"Greek owners still dominate exports, with 81 Greek tankers moving Iranian exports since January 1, 2018," noted VesselsValue trade analyst Adil Aliev.
With its substantial VLCC fleet, Iran's own National Iranian Tanker Company (NITC) loaded 51 tankers they had a higher tonnage of 12.7m teu.
In fact VesselsValue data (see chart) shows that a significant increase in trade volumes can be seen following on from the lifting of US sanctions in January 2016. The trade patterns can be extrapolated to almost mirror prevailing global conditions.
Aliev said: "A seasonal pattern can be observed in ton-mile exports post-January 2016, with total volumes rising in the autumn months in preparation for higher winter demand."
He however noted that as a result of Trump-linked volatility in Iran-US relations following the US president's threats to amend and then eventually pull out of the Iranian nuclear deal, a significant drop in total ton-mile exports was seen towards the end of 2017, even falling below that of the same period in the previous year.
Aliev further pointed out: "Within 2018, we can see that the seasonality pattern is not repeated and Iranian total ton-miles exports reach a peak by May 2018 in line with President Trump announcing his decision to cease the participation of the US in the Iran deal and to begin re-imposing sanctions following a wind-down period."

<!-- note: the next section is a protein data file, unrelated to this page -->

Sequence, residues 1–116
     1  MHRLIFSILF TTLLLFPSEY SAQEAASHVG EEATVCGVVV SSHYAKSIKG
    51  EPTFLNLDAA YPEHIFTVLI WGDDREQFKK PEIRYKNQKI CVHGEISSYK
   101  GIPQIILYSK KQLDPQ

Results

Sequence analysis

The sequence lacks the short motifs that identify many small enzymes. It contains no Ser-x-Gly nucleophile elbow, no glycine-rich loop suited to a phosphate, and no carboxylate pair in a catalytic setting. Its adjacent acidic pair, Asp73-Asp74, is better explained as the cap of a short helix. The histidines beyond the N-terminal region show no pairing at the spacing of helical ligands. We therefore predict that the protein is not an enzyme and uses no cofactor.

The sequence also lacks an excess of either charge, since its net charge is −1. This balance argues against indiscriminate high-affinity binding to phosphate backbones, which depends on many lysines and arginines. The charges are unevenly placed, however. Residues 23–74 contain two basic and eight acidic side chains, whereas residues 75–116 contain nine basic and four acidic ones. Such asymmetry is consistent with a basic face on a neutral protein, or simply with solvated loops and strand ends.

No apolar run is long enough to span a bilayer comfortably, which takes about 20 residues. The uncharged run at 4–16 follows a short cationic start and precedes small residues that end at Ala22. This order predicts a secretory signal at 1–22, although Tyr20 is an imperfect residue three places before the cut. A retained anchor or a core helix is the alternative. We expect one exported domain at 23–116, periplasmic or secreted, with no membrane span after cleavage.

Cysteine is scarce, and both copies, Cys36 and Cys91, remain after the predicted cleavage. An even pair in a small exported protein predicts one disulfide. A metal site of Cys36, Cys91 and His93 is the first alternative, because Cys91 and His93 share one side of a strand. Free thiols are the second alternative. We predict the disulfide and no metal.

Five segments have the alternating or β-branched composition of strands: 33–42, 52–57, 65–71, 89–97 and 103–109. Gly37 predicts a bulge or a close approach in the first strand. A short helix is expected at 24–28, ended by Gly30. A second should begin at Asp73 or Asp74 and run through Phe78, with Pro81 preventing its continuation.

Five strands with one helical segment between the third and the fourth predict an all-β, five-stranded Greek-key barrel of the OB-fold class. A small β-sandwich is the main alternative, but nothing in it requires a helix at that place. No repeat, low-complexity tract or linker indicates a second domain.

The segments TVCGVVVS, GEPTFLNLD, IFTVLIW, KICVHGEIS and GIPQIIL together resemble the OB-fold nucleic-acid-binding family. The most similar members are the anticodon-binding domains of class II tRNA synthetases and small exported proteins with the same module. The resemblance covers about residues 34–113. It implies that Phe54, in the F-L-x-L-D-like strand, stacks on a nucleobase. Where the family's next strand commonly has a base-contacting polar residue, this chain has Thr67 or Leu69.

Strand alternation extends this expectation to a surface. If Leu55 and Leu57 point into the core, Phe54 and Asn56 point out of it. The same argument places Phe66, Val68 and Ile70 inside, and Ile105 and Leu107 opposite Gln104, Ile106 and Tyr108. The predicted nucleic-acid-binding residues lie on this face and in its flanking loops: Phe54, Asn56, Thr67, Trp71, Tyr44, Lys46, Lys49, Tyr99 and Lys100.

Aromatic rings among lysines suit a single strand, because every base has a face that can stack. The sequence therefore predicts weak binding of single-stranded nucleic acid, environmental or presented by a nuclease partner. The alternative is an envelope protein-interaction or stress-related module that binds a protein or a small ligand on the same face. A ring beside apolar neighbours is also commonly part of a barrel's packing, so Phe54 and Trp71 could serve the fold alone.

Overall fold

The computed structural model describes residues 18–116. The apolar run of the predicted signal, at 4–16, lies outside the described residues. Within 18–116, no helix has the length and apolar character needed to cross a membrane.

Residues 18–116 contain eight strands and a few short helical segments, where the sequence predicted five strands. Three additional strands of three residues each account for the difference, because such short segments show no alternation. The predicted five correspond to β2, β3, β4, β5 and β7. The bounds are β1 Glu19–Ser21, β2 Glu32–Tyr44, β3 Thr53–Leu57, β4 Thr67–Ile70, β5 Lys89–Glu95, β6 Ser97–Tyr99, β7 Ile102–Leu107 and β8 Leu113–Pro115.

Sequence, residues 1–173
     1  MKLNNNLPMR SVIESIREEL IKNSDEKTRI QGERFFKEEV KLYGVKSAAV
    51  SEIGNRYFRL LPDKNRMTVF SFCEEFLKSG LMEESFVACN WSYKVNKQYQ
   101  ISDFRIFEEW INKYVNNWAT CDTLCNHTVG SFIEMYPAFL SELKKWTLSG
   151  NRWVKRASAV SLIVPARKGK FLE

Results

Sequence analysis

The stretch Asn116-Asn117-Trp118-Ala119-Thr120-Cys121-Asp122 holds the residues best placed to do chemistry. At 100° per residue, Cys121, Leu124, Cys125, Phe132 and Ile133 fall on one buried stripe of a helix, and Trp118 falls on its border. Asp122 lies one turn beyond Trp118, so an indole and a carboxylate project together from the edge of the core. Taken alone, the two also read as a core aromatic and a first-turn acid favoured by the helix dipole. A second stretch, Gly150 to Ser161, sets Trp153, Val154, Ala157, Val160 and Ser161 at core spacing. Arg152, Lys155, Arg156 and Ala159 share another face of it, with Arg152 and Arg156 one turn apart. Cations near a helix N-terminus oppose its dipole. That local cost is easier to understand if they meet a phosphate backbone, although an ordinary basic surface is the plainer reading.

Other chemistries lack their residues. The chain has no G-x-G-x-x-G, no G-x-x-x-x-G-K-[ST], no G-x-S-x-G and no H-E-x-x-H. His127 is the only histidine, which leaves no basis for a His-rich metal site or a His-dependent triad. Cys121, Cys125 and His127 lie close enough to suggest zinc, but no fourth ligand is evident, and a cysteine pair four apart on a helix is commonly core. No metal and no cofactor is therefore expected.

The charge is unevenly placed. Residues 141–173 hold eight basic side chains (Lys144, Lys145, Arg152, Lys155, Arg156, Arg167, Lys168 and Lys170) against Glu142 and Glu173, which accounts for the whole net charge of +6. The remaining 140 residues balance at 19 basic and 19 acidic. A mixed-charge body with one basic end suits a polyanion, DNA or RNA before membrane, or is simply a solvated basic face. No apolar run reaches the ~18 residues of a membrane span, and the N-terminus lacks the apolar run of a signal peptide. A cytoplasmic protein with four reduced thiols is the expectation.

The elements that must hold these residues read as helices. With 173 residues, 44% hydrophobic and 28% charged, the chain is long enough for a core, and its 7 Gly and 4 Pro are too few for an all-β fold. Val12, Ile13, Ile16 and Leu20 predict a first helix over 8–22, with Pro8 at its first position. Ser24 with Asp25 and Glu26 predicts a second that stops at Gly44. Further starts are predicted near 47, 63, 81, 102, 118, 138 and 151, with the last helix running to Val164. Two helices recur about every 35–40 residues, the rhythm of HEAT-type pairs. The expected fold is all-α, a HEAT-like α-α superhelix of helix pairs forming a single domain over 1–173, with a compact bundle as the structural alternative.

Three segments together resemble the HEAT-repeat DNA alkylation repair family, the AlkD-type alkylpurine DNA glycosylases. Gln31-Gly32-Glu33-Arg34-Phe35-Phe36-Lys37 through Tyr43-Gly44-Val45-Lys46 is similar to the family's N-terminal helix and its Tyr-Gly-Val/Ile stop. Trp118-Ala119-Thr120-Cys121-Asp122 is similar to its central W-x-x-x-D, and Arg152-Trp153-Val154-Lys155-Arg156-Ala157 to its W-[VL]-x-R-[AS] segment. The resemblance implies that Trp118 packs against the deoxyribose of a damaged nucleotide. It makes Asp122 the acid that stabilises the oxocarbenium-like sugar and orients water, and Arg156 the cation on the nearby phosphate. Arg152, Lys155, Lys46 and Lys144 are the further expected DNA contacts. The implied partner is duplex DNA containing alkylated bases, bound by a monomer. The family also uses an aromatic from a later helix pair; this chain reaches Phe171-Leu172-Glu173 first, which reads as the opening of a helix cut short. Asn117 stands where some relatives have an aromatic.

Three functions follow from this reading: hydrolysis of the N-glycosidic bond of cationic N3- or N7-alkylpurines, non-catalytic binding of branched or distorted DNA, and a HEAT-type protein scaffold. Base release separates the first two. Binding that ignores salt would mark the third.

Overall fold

He concluded: "This may indicate the market is anticipating significant deterioration ahead, which falls in line with the ending of the 90 days grace period that expired on 6th August 2018 and the upcoming November deadline by which time US sanctions would apply to Iranian ports, shipping and energy sectors, as well as the provision of financial services, including insurance."
And while Iran's NITC supplies the most tonnage for Iranian exports for now, this is likely to drop off after the last grace period ends in early November this year.
Highlighting the potentially significant role China could play in future developments, Aliev noted that the largest export volumes from Iran have consistently been going to China. Although there was a sharp drop in December 2017, Chinese imports rebounded thereafter and have been largely stable, which falls in line with China’s declaration that it will ignore US sanctions and continue doing business with Iran, he said.
VesselsValue did not comment on the possibility of China or India-owned vessels taking up the slack if other vessel operators pulled out. Year-to-date, some 14 China tankers amounting to 3.7m dwt and 13 India vessels comprising 1.4m dwt loaded oil in Iran.
Looking ahead, Aliev said: "The draw of higher freight premiums for Iranian business appears to be quite attractive thus far, particularly in relation to more conventional voyages out of the Middle East. However, it remains to be seen how much risk appetite remains as the sanction regime picks up speed midway through the fourth quarter of this year."